The superstar-backed indie film Dope, which opens Friday, is an ode to the 1990s — think fade haircuts and Walkman players. Co-producer Mimi Valdés, who is also chief creative officer of Pharrell Williams’ multimedia company, i am OTHER, dished on the film’s script, soundtrack and its budding stars.
In Dope, Malcolm (Shameik Moore) and his friends Jib (Tony Revolori) and Diggy (Kiersey Clemons) are caught between a literal rock and a hard place. The high school nerds navigate their tough California neighborhood, running from bullies, playing in their punk band — and deciding what dangerous block to take home. After attending a birthday party for a gangster, Dom (A$AP Rocky), Malcolm, who wants to attend Harvard, finds drugs in his backpack.
“It seems to be resonating because it feels so unconventional,” Valdés said.
Credits for the film, narrated by Academy Award winner Forest Whitaker, include co-executive producer Sean “Diddy” Combs, executive producer Williams and director and writer Rick Famuyiwa (Brown Sugar). Rapper Tyga and Rick Fox make cameos too.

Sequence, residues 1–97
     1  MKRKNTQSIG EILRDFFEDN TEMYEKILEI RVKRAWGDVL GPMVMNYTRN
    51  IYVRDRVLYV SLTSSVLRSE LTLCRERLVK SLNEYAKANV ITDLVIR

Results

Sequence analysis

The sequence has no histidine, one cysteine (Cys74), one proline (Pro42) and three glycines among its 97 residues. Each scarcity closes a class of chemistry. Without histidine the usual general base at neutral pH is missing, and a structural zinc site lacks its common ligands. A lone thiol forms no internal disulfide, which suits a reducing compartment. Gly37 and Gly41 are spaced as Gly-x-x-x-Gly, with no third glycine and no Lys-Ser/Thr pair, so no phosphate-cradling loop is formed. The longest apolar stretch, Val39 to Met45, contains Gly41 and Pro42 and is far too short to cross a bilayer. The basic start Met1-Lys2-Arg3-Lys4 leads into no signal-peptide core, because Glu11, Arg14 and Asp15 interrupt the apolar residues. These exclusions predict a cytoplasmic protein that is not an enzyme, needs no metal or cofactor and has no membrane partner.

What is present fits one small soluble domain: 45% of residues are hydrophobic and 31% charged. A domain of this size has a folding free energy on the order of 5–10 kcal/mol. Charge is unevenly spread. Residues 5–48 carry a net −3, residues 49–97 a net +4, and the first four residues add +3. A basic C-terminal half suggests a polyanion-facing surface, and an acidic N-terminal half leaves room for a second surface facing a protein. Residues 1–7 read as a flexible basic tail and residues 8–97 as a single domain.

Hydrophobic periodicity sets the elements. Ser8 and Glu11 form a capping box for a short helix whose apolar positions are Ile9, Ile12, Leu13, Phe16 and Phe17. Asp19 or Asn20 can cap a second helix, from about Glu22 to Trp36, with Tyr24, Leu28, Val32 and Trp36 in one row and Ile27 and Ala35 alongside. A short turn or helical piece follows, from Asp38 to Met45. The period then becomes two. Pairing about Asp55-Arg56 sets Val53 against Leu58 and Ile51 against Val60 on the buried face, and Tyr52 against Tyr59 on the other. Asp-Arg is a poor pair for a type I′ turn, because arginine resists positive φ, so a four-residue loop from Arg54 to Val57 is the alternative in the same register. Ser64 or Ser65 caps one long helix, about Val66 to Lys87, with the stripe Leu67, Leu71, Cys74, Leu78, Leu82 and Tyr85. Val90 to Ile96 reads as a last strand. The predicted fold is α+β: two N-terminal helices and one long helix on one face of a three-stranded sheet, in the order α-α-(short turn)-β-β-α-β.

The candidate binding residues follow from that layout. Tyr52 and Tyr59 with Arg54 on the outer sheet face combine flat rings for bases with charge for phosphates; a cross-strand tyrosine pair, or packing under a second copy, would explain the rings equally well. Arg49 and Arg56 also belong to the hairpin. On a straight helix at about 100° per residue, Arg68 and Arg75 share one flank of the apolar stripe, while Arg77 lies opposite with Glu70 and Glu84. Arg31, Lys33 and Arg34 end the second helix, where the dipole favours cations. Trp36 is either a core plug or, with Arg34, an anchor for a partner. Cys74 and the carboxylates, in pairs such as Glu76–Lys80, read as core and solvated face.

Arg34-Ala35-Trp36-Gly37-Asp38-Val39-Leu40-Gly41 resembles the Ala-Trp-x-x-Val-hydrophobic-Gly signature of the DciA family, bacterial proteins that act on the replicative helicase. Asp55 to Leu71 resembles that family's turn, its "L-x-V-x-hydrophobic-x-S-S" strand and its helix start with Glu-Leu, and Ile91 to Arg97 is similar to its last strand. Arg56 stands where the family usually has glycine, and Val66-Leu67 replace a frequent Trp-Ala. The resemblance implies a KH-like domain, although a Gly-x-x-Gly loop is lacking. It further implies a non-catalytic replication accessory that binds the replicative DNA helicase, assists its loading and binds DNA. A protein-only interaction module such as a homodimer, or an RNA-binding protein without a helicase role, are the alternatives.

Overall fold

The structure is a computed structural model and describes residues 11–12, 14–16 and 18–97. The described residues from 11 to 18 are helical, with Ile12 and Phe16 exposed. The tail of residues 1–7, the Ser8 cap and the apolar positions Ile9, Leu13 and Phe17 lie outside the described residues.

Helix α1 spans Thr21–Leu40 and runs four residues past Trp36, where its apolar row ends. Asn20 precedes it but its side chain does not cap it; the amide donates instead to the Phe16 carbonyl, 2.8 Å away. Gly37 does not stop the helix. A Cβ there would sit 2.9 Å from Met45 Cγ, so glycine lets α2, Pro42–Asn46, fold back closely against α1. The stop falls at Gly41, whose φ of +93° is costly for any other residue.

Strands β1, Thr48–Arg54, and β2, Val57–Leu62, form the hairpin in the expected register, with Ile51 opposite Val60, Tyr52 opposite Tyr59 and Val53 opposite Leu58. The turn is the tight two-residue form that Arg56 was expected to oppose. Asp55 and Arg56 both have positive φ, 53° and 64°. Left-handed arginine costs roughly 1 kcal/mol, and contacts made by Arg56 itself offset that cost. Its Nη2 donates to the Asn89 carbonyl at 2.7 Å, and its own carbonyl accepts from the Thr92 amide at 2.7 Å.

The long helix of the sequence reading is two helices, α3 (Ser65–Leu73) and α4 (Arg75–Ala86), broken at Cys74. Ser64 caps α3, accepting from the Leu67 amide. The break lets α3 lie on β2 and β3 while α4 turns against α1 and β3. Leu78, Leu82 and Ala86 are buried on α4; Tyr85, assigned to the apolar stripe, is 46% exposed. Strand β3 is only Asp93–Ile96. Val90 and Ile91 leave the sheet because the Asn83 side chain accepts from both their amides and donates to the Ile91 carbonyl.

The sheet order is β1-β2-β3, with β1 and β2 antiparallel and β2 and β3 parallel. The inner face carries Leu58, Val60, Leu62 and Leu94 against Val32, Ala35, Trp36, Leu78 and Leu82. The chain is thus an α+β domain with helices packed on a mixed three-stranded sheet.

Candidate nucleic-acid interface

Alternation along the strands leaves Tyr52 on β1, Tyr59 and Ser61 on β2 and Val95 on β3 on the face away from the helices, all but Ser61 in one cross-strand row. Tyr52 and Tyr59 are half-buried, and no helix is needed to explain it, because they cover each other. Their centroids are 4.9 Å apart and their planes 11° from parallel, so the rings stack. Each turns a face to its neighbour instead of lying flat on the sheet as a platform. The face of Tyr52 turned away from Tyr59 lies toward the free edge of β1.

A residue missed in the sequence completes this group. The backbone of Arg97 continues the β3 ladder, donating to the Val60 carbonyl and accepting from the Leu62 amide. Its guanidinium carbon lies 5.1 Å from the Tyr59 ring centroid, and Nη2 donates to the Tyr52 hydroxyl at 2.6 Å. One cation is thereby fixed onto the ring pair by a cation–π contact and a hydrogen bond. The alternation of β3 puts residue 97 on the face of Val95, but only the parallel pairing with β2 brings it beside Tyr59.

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Valdés equates Dope to a great album. She said the film caters to millennials, referencing everything from The Fresh Prince of Bel-Air to the 2000 presidential election and Amazon. She called it a “roller-coaster ride of different emotions.”
Williams, who curated the movie’s soundtrack, which includes the likes of Nas and Public Enemy, wrote four songs for Malcolm’s movie band, Awreeoh (pronounced like the cookie Oreo).
“He really wanted to capture the angst of these kids,” Valdés said. “The music definitely feels like another character in the film.”
She recalled looking up the actors online after they were cast, hoping to discover musical talent, because they needed to deliver on the Grammy Award winner’s songs (Williams came up with the band’s name, too). They ended up recording the four songs in just two days.
Safe to say, the music turned out just fine.
“The kids would definitely love to do more Awreeoh songs,” Valdés said. “The door is not shut.”
These days, Valdés is building up the media division of Williams’ company, hoping to make more movies and contribute unique voices, stories and perspectives.
“We just want to be a champion in Hollywood,” Valdés said.